Hancock Prospecting takes the Mt Bevan plunge
Hancock Prospecting is looking to expand its iron ore portfolio by earning into the Mt Bevan project in the Central Yilgarn region of Western Australia. Through its wholly owned subsidiary, Hancock Magnetite, Hancock will make an initial investment of $9 million to acquire a 30 per cent interest in the project.
By funding the pre-feasibility study (PFS) costs of Mt Bevan, Hancock has the potential to earn an additional 21 per cent interest, resulting in a 51 per cent stake in the project. Current owners of Mt Bevan, Legacy Iron Ore (60 per cent) and Hawthorn Resources (40 per cent), would hold a 29.4 per cent and 19.6 per cent stake respectively following the completion of the PFS.
Located 250 kilometres (km) north of Kalgoorlie and 100km west of Leonora in WA, the Mt Bevan project is situated on the large tenement E29/510, which holds 1170 million tonnes of magnetite resource at a grade of 34.9 per cent iron (Fe). As part of Hancock’s initial $9 million investment, $8 million of cash will be paid to Legacy and Hawthorn in proportion with their interest in the project, with the additional $1 million used as working capital in the JV.
Once the PFS is completed, and the desired outcomes have been established, additional programs will be undertaken with the intention to advance the project into a bankable feasibility study.
Analyst predicts steeper decline for iron ore prices
Lower steel margins and strict production controls in China are driving down iron ore prices, according to a report by CRU Insight. The price of 62 per cent ore fines imported to China’s Qingdao port was trading at $US147.65 ($202.95) per dry metric tonne on Wednesday, a slight improvement after last week’s significant falls.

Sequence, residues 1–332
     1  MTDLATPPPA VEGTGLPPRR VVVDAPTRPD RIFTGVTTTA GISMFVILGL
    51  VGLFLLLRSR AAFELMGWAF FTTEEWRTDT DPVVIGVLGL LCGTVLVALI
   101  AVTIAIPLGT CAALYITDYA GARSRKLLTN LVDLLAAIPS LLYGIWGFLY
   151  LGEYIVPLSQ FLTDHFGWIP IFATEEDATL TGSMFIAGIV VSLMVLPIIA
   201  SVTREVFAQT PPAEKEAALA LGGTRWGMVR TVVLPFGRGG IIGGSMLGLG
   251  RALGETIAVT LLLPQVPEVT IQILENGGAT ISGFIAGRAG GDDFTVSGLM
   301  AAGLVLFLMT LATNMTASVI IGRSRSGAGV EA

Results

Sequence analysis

Yet it remains a far cry from the record high of more than $US230 per dry metric tonne recorded in May. CRU Insight principal analyst Erik Hedborg and senior analyst Richard Lu, discussing iron ore prices in a new report, said Chinese demand for spot volumes has led to sharper than expected declines. The report found that China, which accounts for around 75 per cent of seaborne demand, has reported lower steel margins and reduced steel output.
“Steel margins have declined, especially for longs producers that are struggling with weak demand from China’s construction sector,” the report stated. “Many steelmakers, especially smaller ones, are now losing money on every tonne of steel they are producing.”
Chinese steel makers have been told to reduce output after a record 290 million tonnes produced in the second quarter of 2021, which has caused an oversupply of iron ore at steel mills. Australian iron ore producers such as Rio Tinto have also faced supply issues, resulting in lower shipments compared to the previous year. However, CRU doesn’t expects prices to drop to the $US60-per-dry-metric-tonne low that was witnessed during 2015 and 2016.